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With the dust having settled at the inaugural UCI Gravel World Championships, aside from the superhuman efforts, perhaps the next most notable thing was the bikes that were ridden. Or, more specifically, the fact that Canyon’s lightweight climbing bike – the Ultimate CFR – was ridden to victory by Gianni Vermeersch.
We don’t see ‘cross bikes winning time trials nor BMXs cinching the cross-country mountain biking – nevertheless, it was also the case that in the Women’s Gravel World Championships on Saturday that one of the best road bikes claimed a step of the podium: second place by Sina Frei on a Specialized Roubaix.
All of which raises the question: what exactly do you need to do to convert your road bike into one of the best gravel bikes? The World Championships has shown that this needn't leave you at a disadvantage – you could well be faster…
At least, depending on your routes. The 140km women’s course was very flat, packing in only 660m of elevation gain – at 194km and 800m, the men’s was proportionally flatter still. Plus, both routes were ridden over mostly hard-packed surfaces, where narrower tyres are at less of a disadvantage than loose and rocky trails.
Still, pretty much all of the same points apply when it comes to making your gravel bike more capable, although the pros’ setups were rather more extreme than what we’d recommend to most riders – but without further ado, let’s jump into how to convert your road bike into a gravel bike.
How to convert a road bike to a gravel bike
It’s a bit of an obvious one, but it still shouldn't go without saying that squeezing some wider tyres into your road bike will help make it more capable for riding off-road.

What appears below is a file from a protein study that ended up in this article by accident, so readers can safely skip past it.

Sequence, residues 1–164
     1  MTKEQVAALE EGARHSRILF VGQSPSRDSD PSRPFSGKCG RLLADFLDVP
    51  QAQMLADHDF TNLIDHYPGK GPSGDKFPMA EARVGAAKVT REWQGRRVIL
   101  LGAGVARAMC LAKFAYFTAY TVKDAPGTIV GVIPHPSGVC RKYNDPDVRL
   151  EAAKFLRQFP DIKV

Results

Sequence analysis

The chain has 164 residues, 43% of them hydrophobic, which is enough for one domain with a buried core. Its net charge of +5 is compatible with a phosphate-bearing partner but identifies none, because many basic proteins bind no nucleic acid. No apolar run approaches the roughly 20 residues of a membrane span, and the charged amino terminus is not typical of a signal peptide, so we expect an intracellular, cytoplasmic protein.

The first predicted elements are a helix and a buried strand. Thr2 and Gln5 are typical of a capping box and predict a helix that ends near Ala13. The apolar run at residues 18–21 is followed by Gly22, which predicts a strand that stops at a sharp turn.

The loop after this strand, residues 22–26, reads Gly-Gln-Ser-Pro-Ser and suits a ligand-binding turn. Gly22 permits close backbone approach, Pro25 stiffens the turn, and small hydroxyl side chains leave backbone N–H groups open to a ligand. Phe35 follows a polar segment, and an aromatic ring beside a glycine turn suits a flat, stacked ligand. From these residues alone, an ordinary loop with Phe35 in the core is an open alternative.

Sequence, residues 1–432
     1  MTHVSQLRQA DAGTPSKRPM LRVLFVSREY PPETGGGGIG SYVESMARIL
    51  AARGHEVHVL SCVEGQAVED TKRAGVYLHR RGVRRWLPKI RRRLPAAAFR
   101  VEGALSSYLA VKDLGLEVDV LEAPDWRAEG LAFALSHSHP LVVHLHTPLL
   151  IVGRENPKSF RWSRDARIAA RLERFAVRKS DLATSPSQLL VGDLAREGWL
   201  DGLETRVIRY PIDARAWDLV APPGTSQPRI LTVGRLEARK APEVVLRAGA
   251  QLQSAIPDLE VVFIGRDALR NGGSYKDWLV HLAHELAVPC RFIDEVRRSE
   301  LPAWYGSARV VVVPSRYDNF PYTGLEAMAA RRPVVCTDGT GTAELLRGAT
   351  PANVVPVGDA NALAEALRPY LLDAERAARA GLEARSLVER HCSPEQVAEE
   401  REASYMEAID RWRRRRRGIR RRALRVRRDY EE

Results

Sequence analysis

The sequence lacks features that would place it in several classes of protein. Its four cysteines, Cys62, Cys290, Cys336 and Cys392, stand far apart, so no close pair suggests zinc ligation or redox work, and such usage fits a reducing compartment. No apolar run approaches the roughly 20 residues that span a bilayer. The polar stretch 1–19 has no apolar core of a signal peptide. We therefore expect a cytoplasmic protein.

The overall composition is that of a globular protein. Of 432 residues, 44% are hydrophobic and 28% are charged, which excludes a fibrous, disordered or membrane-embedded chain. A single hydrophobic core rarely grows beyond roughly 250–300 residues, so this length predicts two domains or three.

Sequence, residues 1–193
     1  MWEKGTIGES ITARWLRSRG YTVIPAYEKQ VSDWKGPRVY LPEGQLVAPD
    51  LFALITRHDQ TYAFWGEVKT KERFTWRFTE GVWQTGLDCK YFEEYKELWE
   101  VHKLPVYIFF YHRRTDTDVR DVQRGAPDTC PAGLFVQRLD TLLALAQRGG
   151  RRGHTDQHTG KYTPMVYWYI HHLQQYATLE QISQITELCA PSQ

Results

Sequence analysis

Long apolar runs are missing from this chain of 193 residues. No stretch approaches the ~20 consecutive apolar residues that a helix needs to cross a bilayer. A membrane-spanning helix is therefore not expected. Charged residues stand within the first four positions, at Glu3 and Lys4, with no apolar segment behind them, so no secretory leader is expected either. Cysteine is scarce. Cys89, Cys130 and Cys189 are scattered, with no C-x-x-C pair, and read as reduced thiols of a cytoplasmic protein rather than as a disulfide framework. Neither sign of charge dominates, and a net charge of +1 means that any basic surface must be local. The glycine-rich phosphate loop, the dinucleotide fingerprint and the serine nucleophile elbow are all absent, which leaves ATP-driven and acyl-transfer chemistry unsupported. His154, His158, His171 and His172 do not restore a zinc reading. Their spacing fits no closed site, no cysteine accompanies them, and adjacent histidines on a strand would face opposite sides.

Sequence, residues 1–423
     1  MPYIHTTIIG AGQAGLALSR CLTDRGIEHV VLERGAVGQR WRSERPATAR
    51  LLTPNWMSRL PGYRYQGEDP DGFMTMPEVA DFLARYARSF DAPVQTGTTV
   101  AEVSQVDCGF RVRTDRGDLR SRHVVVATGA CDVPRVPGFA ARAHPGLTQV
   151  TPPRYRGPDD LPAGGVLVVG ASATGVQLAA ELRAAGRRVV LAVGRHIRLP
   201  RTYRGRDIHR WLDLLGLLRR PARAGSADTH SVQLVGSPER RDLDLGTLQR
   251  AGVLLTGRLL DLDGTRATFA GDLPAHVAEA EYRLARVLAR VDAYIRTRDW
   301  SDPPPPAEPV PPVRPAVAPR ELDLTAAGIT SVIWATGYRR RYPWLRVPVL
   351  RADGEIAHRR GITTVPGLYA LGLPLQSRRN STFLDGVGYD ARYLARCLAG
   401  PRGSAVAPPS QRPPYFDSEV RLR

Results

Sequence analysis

Since the shift to disc brakes, road bikes are coming with ever more clearance. Some models such as the Giant Defy, Trek Domane and Canyon Endurace are actually rated for tyres up to 35mm – sufficient for many of the best gravel bike tyres and enough to see you hitting some relatively rough trails.
Other bikes, such as older models or those with nominally tighter clearances might be more generous than they first appear. The recommended clearance for many bikes is 3mm between the tyre and the frame – depending on your tyre and rim combination, you might be able to fit in a nominally wider tyre than the printed width suggests.
Equally, many forks are more generous in their clearances than the chainstays, but the bike’s clearances are still given the smallest measurement. In these cases, fitting a wider front tyre would still greatly increase the comfort - in the same way that hardtail mountain bikes have a suspension fork but a rigid rear.
Do be sure to check whether your intended upgrades stand to invalidate your warranty first, though.
Interestingly, Vermeersch’s Canyon Ultimate CFR had a less generous fork than rear triangle, resulting in a 33mm Vittoria Terreno Dry being spec’d on the front and a 35mm model spec’d on the rear.
With the increased rolling resistance that comes from riding off-road, naturally your speed will decrease compared to what you’d be used to on tarmac. This means that you’ll rarely be using your largest gears as well as likely finding yourself with insufficient low gears, as gravel climbs can be much steeper than road ones, too.
Although the UCI Gravel Champs was on a largely flat course, many riders coming over from the road still chose to run smaller chainrings because of that increase in rolling resistance – although the choice of 52/36t chainset is what most amateur riders would only use on the road.
For us mere mortals, a compact chainset of 50/34t and a cassette of 11-34t is about the less generous gravel gearing that you could get away with. And one that requires the fewest additional upgrades: in many cases - although not all - your road derailleurs should be able to handle that gearing.